‘Locust-19’ set to ravage crops across east Africa

‘Locust-19’ set to ravage crops across east Africa

Second wave of swarms expected just as farmers battle fallout from coronavirus

locust
A motorcyclist rides through a swarm of desert locusts in March in Isiolo county, Kenya © Sven Torfinn/FAO/AP

By David Pilling and Emiko Terazono in London, April 24, 2020

They are calling it “Locust-19”.

(Financial Times) — A second wave of locusts is about to make a devastating appearance in east Africa, two months after swarms — some billions strong and one the size of Moscow — ravaged crops, and just as the coronavirus outbreak has begun to disrupt livelihoods.

“It appears that those who escape Covid-19 will soon face Locust-19,” said Akinwumi Adesina, president of the African Development Bank and a former Nigerian agriculture minister. “The last thing Africa needs now is a hunger pandemic.”

Locusts have already swept through Somalia, Ethiopia, Kenya, Uganda and South Sudan once this year, in January and February. Now, after those swarms laid eggs, there were likely to be 20 times as many, experts said.

The last time Kenya suffered a locust invasion on anything like this scale was 70 years ago when it was still a British colony, said Keith Cressman, a locust forecasting expert at the UN Food and Agriculture Organization. Lack of experience and equipment had hampered efforts to eliminate the swarms earlier this year, he said, giving locusts time to lay eggs in the soil and multiply.

Mr Cressman said this generation would do more damage, not only because of the vastly increased numbers, but also because the locusts were starting to fly — and eat — at the start of the planting season. Farmers would postpone planting or the locusts would eat the seedlings, he said, either of which would be devastating.

second wave locust

The invasion risks exacerbating an already precarious food situation in the Horn of Africa. Some 40 per cent of the 160m people in the region are undernourished, according to the FAO.

In spite of coronavirus-related travel restrictions, international experts are in place to support efforts to eradicate the pest with measures including ground and aerial spraying.

But the Covid-19 pandemic has competed for funding, hampered movement and delayed the import of some inputs, including insecticides, said Stephen Njoka, director of the Desert Locust Control Organization for Eastern Africa.

Mr Njoka said locusts were already eating crops in Ethiopia, Kenya and Somalia and were moving into Uganda and South Sudan. “They are already flying, they are getting mature,” he said. “They are very voracious.”

locust wave
Desert locusts swarm over a tree in northern Kenya in March during the country’s biggest outbreak of the pest in 70 years © Sven Torfinn/FAO/AP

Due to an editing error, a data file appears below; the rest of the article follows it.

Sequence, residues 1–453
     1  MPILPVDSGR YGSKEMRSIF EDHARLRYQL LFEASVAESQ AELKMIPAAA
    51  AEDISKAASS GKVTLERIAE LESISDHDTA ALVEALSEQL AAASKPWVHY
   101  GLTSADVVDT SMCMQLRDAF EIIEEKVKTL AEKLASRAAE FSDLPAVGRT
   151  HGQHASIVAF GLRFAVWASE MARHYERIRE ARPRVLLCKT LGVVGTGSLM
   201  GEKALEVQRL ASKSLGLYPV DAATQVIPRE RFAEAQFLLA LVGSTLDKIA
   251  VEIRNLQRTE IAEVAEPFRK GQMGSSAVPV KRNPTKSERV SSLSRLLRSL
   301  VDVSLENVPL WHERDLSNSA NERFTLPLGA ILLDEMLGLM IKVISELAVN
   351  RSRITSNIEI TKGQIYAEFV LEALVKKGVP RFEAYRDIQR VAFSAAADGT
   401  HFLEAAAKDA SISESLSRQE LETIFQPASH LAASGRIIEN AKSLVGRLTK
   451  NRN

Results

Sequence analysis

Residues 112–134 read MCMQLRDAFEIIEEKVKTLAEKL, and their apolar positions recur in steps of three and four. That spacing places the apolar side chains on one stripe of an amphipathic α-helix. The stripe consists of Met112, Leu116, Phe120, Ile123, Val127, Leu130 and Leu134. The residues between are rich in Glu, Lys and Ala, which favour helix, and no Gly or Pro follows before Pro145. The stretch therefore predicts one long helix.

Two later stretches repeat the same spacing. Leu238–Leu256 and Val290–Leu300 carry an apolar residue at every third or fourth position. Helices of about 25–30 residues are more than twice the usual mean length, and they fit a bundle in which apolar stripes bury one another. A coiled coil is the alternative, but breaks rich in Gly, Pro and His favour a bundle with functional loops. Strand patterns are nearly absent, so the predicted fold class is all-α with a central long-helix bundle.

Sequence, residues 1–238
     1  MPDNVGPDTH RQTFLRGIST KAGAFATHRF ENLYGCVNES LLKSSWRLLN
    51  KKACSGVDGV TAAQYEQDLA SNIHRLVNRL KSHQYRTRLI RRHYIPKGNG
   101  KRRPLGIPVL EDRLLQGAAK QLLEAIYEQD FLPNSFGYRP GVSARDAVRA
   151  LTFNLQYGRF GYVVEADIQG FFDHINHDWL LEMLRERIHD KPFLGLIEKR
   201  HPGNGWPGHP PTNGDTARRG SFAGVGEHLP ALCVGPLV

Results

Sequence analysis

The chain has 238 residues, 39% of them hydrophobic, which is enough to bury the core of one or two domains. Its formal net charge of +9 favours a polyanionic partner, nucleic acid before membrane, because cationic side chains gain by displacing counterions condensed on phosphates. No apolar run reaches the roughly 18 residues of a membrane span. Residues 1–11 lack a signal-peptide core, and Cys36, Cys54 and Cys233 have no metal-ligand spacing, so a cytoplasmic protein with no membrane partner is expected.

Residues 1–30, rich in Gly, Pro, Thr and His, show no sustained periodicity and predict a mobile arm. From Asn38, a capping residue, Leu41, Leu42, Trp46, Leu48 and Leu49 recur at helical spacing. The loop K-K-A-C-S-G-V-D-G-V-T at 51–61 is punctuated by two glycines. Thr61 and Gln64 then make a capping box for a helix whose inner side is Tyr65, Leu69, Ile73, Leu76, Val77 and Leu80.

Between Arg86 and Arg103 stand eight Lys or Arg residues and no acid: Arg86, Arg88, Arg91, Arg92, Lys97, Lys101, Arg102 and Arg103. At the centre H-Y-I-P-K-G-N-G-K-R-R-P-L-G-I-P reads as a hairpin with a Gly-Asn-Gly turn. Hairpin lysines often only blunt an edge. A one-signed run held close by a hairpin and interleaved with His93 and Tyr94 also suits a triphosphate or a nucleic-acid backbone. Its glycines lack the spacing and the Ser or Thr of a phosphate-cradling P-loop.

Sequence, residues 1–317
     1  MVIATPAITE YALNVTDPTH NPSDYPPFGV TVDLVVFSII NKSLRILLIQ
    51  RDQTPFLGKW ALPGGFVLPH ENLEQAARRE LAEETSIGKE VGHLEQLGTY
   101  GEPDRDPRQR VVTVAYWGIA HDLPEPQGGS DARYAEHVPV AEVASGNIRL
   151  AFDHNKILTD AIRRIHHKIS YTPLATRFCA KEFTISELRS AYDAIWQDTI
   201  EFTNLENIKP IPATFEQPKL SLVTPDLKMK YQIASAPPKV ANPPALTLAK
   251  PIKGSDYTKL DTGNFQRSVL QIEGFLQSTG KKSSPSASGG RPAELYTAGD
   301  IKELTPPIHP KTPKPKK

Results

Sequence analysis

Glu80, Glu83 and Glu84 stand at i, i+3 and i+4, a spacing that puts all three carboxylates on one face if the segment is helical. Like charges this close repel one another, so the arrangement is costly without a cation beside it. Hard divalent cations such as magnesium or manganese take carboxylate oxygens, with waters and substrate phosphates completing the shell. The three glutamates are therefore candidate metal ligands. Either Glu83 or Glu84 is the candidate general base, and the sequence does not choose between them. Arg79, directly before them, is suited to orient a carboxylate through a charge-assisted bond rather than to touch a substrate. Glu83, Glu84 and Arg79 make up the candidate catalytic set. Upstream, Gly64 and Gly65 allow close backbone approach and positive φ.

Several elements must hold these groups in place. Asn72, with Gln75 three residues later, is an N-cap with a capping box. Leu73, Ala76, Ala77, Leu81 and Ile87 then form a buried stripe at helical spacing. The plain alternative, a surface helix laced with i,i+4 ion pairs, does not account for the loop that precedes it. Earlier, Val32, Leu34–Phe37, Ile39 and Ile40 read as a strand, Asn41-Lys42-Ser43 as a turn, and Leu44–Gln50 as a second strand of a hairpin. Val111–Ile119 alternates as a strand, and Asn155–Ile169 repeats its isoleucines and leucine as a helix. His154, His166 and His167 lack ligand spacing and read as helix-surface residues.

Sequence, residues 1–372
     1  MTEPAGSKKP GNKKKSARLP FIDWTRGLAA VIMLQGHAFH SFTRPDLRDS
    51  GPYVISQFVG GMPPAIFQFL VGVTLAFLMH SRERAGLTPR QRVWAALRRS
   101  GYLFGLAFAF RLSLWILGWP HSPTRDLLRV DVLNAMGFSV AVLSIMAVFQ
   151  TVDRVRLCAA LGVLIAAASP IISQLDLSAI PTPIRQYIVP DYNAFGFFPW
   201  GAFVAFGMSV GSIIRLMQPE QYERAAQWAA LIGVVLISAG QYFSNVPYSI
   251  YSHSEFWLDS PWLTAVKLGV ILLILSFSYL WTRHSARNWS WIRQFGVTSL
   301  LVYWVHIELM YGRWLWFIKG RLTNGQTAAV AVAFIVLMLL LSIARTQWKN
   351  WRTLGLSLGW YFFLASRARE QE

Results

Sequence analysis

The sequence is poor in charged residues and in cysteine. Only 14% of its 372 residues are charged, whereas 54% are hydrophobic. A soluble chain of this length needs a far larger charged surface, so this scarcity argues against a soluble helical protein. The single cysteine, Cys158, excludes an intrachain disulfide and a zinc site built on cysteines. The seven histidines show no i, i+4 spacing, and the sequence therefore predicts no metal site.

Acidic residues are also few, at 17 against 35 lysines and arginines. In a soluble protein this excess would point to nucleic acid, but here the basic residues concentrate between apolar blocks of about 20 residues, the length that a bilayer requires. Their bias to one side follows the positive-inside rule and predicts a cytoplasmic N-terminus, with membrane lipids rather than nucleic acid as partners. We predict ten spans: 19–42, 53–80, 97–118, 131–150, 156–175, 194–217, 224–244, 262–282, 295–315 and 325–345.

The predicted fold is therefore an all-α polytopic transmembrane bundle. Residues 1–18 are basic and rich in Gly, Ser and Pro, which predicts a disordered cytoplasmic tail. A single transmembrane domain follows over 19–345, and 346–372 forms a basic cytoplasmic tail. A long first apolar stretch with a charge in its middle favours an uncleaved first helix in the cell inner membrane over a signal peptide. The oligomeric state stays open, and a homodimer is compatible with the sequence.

Locusts eat their own body weight in food each day, meaning that a swarm of one square kilometre consumes as much as 35,000 people, experts said. Large swarms can be hundreds of square kilometres in size.

The FAO has managed to raise nearly $120m to tackle the problem, which will augment the efforts of governments in affected countries.

“The first wave arrived when the harvest was actually over,” said Cyril Ferrand, the FAO’s resilience team leader in east Africa. “So there was very marginal damage on cropland.”

However, the start of the rainy season and new planting meant that the second wave was already damaging young seedlings, he said.

“These desert locusts will eat anything green but the young seedlings are the food of choice. And they will eat everything,” he said. “They are moving with the wind and moving north, carrying the swarm to Sudan by June and July and then moving to the Sahel region.”

desert locust

Sara Menker, chief executive of Gro Intelligence, a commodities analytics firm, said there was still time to head off the worst damage. “A huge part of Africa goes into planting from May. There is a critical four to six-week window to start treatments,” she said.

Ms Menker said the second wave could spread to Pakistan and India and from there to China. “If the swarms arrive in India and China there could be another layer of damage,” she said.

Using the Gro estimates for cropland damaged in Ethiopia, where just under 19m hectares was affected earlier this year, the country could incur losses of $5bn in staple cereal crops, assuming 50 per cent yield loss, if the same area is attacked again.

If the second wave of locusts is not eradicated, the danger is that the swarms will lay eggs again and a third wave — bigger still — could emerge at harvest time in June and July.

“That means another 20-fold increase,” said Mr Cressman. “It’s exponential, 20 times 20. So the total is a 400-increase since the beginning.”